09 Nov Including all co-owners in Court proceedings
Including all co-owners in Court proceedings
by George Coucounis
“The omission to include all the co-owners in the proceedings is fundamental and makes them invalid from the outset”
A number of premises which are rented, although they belong to co-owners, the rent is collected by only one of them. The co-owners may have distributed the properties between them even though they own co-ownership shares. Where a co-owner seeks to obtain an order against a tenant for the recovery of possession of the rented premises for his own use, whether the tenant is statutory or contractual, he ought to inform the tenant of the status of the co-ownership and that he is the beneficiary of the premises. If he proceeds with the eviction without making any reference to the distribution and the issue of co-ownership arises in the context of the testimony before the Court, there is a gap which cannot be remedied and his application will be dismissed. In every Court proceeding involving immovable property, the rule is that all the interested parties must be joined as litigants so that they will be heard as natural justice requires. The tenant may not admit the status of the ownership of the premises and the burden of proof is upon the owner to demonstrate that he fulfils the requirements set by law.
The issue of co-ownership is connected with the notice which the owner must give to the tenant and whether it is proper. Article 29(2) of the Rent Control Law refers to the service of notices and where there is replacement of the original owner, the new owner must duly inform the tenant of this change. The non-inclusion of all the co-owners in an application for the eviction of a statutory tenant so that the premises to be used by the owner and the notice given to the tenant, were dealt with by the Rent Control Court in a judgment issued on 29.10.2021. In particular, a company alleging that it was the owner of a shop claimed its repossession and referred to a tenancy between the company and the tenant and that it served him with a notice without him complying. The company also alleged that its claim was reasonable and that the issuance of the eviction order would cause less inconvenience than its non-issuance, without however giving specific details in relation to this allegation.
The tenant invoked the existence of a tenancy, stating that he was statutory and that he had taken over the possession of the premises by acquiring the business of the previous tenant and that he had incurred significant expenses to make the shop workable. He also referred to the history of the tenancy, emphasising that he had in the past been called upon for various reasons to return possession of the premises, which in his view showed that the owner’s claim was not genuine but motivated by other motives. Moreover, he disputed the existence of a proper notice because he was given a 21-day notice instead of one month as provided by law. During the hearing of the eviction application, it emerged from the testimony given by the owner that there are other co-owners and that the owner owns only a small share of the shop.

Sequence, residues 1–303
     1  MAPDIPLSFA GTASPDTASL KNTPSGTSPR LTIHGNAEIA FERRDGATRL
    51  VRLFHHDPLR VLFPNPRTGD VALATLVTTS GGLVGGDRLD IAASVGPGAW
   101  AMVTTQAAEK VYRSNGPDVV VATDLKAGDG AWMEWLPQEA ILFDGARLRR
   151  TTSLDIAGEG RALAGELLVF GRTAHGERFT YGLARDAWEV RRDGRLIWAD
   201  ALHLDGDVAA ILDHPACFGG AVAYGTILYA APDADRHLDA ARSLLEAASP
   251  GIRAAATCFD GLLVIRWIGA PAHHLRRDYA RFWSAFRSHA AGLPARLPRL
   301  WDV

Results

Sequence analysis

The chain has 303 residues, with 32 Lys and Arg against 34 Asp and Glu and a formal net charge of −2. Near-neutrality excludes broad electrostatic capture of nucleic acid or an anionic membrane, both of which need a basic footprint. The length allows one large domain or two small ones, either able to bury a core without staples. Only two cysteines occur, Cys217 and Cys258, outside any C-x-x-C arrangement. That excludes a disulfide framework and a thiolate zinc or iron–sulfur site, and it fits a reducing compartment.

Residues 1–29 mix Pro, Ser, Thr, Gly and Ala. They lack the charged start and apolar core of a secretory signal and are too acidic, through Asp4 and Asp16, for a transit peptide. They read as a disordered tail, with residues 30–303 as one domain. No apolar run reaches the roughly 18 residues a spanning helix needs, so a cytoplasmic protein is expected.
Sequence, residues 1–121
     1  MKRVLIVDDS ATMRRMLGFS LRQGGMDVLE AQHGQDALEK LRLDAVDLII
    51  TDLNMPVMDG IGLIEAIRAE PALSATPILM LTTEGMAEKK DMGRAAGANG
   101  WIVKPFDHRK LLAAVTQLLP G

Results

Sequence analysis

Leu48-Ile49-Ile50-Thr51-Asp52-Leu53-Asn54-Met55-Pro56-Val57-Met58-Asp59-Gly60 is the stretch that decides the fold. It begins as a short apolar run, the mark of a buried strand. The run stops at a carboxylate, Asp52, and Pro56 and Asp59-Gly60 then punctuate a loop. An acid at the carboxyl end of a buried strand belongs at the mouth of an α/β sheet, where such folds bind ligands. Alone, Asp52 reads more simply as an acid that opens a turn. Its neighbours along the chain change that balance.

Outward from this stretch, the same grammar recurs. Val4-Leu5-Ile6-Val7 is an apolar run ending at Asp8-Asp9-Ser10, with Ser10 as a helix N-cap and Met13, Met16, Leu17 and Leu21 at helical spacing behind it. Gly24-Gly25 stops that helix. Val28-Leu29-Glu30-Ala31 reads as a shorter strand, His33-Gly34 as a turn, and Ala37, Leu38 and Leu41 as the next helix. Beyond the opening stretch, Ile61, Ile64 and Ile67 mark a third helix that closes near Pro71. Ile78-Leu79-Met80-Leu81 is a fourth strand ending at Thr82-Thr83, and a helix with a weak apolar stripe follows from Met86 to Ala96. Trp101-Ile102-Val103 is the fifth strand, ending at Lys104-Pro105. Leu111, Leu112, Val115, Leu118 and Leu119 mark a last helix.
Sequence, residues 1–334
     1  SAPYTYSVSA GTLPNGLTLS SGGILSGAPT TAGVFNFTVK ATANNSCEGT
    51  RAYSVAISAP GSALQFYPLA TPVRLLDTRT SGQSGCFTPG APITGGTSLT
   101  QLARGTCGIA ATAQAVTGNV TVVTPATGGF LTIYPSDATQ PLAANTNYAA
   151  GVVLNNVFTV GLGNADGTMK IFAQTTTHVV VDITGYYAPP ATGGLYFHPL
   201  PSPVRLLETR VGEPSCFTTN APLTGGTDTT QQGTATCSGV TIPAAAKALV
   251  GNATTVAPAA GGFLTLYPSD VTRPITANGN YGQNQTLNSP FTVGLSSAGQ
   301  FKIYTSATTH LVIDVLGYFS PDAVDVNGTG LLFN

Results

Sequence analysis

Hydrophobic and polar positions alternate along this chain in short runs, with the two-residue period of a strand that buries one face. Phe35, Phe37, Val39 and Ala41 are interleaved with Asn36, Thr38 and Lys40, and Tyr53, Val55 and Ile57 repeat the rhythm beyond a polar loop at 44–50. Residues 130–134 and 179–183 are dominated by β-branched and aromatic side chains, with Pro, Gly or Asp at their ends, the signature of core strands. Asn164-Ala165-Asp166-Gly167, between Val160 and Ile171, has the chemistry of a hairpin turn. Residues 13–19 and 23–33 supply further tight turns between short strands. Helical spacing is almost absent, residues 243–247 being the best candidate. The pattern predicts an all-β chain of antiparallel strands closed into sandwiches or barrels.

The Court in its judgment emphasizes that when a property is owned in undivided shares, no co-owner is presumed to have a better ownership right than the other co-owners. It is a well-established general principle that in cases involving immovable property, all interested parties must be joined as litigants, as the rules of natural justice require that any person whose rights are infringed or may be affected by a judgment should be given the opportunity to be heard. Failure to include all co-owners in Court proceedings has been characterised as a substantive procedural irregularity which invalidates the proceedings from the outset.
The Court further notes that in the event of the replacement of the original owner, as was the case at issue, it is for the new owner to duly inform the tenant of the change, since the latter, as a non-contracting party in the transfer procedure of the rented property, cannot know the relevant details concerning the new owner. The Court added that the tenant did not seem to have been properly notified as provided by article 29(2) of the Law. In the present case, the issue in question is not related to a claim for payment of rent, but an eviction order was sought for the repossession of the premises for the use of the company and therefore, under the circumstances, the omission was fundamental and could not be remedied. Consequently, the Court dismissed the application of the company with costs.